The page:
The revenue for 2020 amassed by the Chinese owner of TikTok, ByteDance, more than doubled, said reports quoting sources with knowledge of the matter.
According to the reports, the senior management at the company told employees in a company-wide meeting that it had generated revenue of $34.3 billion in 2020 which marked a growth of 111 per cent year on year. There was also a 93 per cent growth in gross profit to $19 billion, said the reports quoting sources who attended the meeting.
By the end of 2020, there were a total of more than 1.9 billion monthly active users across all of its platforms, which includes the hugely popular short video app TikTok, the Chinese version Douyin, and news aggregation app Toutiao, ByteDance reportedly said.
The Wall Street Journal first reported the numbers.
The excitement around the privately held ByteDance and the reasons for the valuation of more than $100 billion given to the company were underscored in the very fast growth of the company.
Earlier this year, former Xiaomi executive Shou Zi Chew was hired by the company as its new chief financial officer which indicated that the company would could be preparing to go public.
Sources also said that the operating loss for ByteDance for 2020 was at $2.1 billion compared to an operating profit of $684 million the year before. The sources were not named in the reports. The cost of share-based compensation for shareholders was the primary reason for the annual loss in 2020.
With TikTok, the short video app gaining global popularity for dancing and lip syncing, this Chinese internet company has managed to find success internationally. A major component of the revenues of ByteDance is advertisements on its platforms. The company has not started to diversify its revenues sources to new areas such as gaming and is preparing to rival against some of the other tech giants of China such as Tencent.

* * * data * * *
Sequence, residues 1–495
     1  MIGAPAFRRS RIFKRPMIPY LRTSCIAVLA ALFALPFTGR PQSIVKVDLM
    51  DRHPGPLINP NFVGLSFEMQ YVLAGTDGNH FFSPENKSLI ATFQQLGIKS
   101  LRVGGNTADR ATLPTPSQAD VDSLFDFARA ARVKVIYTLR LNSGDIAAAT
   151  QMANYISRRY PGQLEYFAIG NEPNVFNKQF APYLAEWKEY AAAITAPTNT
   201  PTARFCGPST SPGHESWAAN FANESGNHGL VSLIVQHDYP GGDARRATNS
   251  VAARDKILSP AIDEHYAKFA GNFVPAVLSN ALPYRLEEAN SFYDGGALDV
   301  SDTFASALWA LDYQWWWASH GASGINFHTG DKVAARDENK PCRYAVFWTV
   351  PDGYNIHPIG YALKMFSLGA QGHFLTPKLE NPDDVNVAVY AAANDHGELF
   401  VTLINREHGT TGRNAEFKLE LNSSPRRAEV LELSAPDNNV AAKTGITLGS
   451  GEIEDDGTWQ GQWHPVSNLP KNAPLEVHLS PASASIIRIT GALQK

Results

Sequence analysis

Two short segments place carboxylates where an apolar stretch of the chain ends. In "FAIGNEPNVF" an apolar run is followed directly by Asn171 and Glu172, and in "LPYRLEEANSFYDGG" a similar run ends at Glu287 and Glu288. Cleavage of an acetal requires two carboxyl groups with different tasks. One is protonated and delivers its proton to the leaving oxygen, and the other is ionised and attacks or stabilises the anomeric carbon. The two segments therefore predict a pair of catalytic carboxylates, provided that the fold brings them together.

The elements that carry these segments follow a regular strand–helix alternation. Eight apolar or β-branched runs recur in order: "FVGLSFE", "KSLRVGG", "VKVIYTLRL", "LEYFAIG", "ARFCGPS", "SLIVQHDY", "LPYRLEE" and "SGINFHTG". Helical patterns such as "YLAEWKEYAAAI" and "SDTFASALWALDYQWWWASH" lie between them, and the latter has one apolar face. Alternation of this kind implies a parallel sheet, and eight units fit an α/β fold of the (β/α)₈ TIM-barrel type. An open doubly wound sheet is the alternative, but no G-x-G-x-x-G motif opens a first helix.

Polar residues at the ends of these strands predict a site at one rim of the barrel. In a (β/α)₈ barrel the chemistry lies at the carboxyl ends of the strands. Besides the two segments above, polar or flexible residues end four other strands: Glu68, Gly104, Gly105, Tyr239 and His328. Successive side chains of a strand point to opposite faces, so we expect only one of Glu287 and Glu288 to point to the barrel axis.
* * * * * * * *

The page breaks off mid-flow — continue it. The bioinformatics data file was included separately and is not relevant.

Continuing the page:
However 2020 has been a tough year for the company.
The former United States Donald Trump and his administration announced ByteDance as a national security threat in August last year while also ordering the Chinese company to divest its TikTok business in the US. A deal to sell TiKTok has been shelved indefinitely, the Wall Street Journal reported this year.
A broader regulatory crackdown on the country’s technology sector has hit the company back in its home market.
China’s Cyberspace Administration of China had identified Douyin, the Chinese version of TiKTok, along with 104 other apps, of engaging in illegal collection of personal data. The regulator asked the companies to rectify the issues.
There will also be a crucial management change in the company this year with its co-founder Zhang Yiming, slated to step down from his role as CEO by the end of the year.
(Adapted from CNBC.com)